Cybersecurity researchers warn that misinformation campaigns from convincing bots are fueling much of the social media debate about lifting coronavirus lockdowns and reopening the economy.
A Carnegie Mellon University team analyzed more than 200 million tweets discussing coronavirus or COVID-19 since January. And they found that between 45% and 60% of them came from bots, aka automated user accounts that mimic human interactions on Twitter US:TWTR, such as tweeting content and retweeting anything posted by a specific set of users or featuring a specific hashtag.
What’s more, 82% of the top 50 most influential coronavirus/COVID-19 retweeters were bots, as were 62% of the top 1,000 retweeters, according to the report.
“We’re seeing up to two times as much bot activity as we’d predicted based on previous natural disasters, crises and elections,” wrote Kathleen Carley, a professor in the School of Computer Science’s Institute for Software Research and director of the Center for Informed Democracy & Social - Cybersecurity (IDeaS.)
The research team analyzed the hundreds of millions of tweets by using artificial intelligence and network analysis techniques to identify the accounts that were likely bots, such as looking at the number of followers, the frequency of tweeting and an account’s mentions network.
“Tweeting more frequently than is humanly possible, or appearing to be in one country and then another a few hours later, is indicative of a bot,” Carley explained.
“When we see a whole bunch of tweets at the same time or back to back, it’s like they’re timed,” she added. “We also look for use of the same exact hashtag, or messaging that appears to be copied and pasted from one bot to the next.”
The researchers also found that many of the bot accounts tweeting about the coronavirus were created in February, and have been spreading more than 100 types of inaccurate pandemic stories, including phony medical advice and potential cures.
These accounts have also amplified conspiracy theories, such as those speculating about the origins of the virus, claims that hospitals are being filled with mannequins instead of actual patients, as well as linking the coronavirus to 5G towers.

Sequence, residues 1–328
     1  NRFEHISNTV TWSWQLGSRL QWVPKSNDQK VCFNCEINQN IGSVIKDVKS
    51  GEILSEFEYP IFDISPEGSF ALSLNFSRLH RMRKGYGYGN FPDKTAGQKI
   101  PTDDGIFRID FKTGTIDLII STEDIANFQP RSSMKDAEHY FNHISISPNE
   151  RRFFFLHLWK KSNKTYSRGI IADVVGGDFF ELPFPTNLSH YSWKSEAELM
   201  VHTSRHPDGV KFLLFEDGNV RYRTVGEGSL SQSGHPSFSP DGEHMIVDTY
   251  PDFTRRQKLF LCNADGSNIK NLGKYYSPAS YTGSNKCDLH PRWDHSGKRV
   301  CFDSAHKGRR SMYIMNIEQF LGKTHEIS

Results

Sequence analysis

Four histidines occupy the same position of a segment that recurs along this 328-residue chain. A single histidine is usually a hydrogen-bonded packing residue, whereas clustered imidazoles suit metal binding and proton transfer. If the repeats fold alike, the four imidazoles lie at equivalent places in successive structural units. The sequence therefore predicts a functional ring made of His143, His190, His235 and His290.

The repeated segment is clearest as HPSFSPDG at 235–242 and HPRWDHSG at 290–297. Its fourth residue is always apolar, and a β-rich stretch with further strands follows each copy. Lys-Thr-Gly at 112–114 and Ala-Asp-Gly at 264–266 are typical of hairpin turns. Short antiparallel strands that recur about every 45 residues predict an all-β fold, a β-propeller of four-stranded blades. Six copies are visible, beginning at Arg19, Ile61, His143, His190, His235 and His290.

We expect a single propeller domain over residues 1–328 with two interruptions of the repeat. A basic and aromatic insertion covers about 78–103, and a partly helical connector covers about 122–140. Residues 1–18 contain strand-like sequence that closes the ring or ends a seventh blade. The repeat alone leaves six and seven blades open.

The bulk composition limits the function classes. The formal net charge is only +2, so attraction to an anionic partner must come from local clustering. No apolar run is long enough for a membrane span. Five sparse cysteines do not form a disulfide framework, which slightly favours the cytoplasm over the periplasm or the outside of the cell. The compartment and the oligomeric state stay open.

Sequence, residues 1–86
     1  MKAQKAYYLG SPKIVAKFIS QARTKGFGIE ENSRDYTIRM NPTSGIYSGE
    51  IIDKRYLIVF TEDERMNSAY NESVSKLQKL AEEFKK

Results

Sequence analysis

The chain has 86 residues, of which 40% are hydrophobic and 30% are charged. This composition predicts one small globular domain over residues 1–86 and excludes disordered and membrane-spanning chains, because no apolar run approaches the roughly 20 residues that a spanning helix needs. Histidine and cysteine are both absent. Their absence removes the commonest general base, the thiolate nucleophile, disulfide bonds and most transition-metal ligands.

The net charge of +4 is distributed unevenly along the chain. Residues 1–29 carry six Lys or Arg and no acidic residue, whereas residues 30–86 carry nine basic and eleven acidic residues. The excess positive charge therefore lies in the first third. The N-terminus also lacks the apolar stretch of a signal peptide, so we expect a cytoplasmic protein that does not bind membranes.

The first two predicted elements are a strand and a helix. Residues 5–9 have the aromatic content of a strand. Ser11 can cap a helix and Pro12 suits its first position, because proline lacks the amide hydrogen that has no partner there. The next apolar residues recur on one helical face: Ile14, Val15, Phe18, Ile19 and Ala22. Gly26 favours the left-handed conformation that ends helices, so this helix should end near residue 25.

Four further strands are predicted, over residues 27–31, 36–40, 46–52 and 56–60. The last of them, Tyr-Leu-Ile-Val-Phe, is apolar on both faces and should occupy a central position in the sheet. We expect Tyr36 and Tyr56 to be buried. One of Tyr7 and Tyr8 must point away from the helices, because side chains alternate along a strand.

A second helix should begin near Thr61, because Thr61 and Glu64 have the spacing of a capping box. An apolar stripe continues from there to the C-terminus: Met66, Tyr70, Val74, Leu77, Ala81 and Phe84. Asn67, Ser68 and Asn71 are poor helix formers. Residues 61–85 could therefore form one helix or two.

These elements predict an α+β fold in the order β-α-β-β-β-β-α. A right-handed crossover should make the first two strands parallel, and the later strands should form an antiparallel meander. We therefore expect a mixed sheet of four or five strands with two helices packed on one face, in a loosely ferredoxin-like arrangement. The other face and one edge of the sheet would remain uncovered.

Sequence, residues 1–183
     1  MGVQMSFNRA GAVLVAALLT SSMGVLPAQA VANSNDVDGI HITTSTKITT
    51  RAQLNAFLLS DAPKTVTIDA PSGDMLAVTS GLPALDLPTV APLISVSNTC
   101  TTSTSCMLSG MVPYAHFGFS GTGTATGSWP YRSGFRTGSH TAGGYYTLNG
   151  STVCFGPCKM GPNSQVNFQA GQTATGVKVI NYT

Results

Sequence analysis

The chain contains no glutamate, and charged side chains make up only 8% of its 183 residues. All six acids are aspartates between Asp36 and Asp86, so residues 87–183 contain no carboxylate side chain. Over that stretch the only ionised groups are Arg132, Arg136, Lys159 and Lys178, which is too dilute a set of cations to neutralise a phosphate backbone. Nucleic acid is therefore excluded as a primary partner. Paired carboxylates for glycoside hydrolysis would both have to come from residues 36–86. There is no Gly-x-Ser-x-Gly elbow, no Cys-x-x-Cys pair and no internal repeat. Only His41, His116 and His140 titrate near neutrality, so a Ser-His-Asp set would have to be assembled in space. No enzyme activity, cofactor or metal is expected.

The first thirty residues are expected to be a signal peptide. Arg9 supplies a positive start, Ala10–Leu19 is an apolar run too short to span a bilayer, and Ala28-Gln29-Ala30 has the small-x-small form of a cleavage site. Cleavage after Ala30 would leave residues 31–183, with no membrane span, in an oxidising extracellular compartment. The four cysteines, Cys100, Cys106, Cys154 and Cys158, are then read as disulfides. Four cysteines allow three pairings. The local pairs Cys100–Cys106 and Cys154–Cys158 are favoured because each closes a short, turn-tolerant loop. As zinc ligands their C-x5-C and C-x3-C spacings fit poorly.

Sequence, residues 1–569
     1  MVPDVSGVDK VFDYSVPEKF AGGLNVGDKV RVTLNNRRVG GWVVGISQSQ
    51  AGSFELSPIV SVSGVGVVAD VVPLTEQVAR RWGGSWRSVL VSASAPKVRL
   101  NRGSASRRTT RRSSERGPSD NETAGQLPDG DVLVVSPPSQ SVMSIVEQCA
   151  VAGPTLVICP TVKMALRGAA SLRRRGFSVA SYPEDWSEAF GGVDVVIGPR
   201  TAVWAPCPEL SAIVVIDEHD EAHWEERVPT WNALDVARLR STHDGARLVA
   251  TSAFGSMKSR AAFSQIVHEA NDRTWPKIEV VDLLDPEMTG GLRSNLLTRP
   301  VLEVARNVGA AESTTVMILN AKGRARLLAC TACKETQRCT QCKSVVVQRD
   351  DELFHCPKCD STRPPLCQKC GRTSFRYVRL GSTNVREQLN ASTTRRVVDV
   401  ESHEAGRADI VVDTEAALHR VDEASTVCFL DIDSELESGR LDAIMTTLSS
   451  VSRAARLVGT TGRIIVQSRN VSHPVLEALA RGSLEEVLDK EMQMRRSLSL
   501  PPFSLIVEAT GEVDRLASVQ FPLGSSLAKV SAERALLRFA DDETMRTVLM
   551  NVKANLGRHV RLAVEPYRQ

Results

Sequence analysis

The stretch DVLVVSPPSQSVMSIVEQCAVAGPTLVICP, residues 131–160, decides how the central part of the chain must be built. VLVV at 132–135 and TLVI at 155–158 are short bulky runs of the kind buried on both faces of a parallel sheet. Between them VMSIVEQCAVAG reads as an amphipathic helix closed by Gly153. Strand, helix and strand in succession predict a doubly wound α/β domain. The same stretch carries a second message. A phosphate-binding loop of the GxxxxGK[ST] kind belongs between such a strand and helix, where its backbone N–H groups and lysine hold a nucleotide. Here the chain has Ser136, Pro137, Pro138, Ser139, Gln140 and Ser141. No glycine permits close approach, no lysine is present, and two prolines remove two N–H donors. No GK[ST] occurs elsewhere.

And these conspiracy theories are referenced in many of the tweets pushing to reopen America ASAP.
Last month, Twitter announced it was taking down posts that spread coronavirus conspiracy theories that could “incite people to engage in harmful activity,” which followed reports of attacks on 5G telecom masts in the U.K. as conspiracy theorists linked the coronavirus with 5G cellular service — a myth that has been widely debunked.
The social media site claimed to have removed more than 2,230 tweets containing “misleading and potentially harmful content” between March 18 and April 22 of this year, and added that its automated systems have challenged more than 3.4 million accounts “targeting manipulative discussions around COVID-19.”
Fake news travels fast. A 2018 MIT report found that false news stories are 70% more likely to be retweeted than true ones. And it takes true stories about six times as long to reach 1,500 people as it takes for false stories to reach the same number of people.
While the report can’t name a definite motive for this, Carley noted that “conspiracy theories increase polarization in groups. It’s what many misinformation campaigns aim to do. People have real concerns about health and the economy, and people are preying on that to create divides.”
Unfortunately, the CMU report cannot identify who or what entity is behind such “orchestrated attempts” to influence the online conversation about the pandemic and reopening the economy. “We do know that it looks like it’s a propaganda machine, and it definitely matches the Russian and Chinese playbooks, but it would take a tremendous amount of resources to substantiate that,” said Carley.
There’s also depressingly little that can be done to stop this, the report admits, as blocking bot accounts doesn’t stop new ones from popping up in their place. Carley told the MIT Technology review that an oversight group made up of the government, corporations and researchers would be needed to come up with policies to combat the constant barrage of bots. “No one group can do it alone,” she said.
But individuals can still protect themselves from being influenced by bots online by knowing what to watch out for while scrolling. That includes looking for many tweets coming out quickly from one account, or a username and a profile photo that don’t match, or tweets that share links with subtle typos.
Also, bots tend to just retweet and post links rather than create any original content. And their profiles are often impersonal to the point of having no photo, along with usernames that are just a string of random numbers and letters.
“Even if someone appears to be from your community, if you don’t know them personally, take a closer look, and always go to authoritative or trusted sources for information,” Carley said. “Just be very vigilant.”